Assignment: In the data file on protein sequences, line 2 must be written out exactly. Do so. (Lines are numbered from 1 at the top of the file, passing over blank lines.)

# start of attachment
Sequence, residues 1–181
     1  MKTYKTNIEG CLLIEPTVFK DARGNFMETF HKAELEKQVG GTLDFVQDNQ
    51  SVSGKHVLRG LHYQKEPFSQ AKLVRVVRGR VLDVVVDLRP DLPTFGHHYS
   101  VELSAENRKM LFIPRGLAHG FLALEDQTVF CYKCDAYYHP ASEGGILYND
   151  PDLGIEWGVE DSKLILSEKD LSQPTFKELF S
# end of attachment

     1  MKTYKTNIEG CLLIEPTVFK DARGNFMETF HKAELEKQVG GTLDFVQDNQ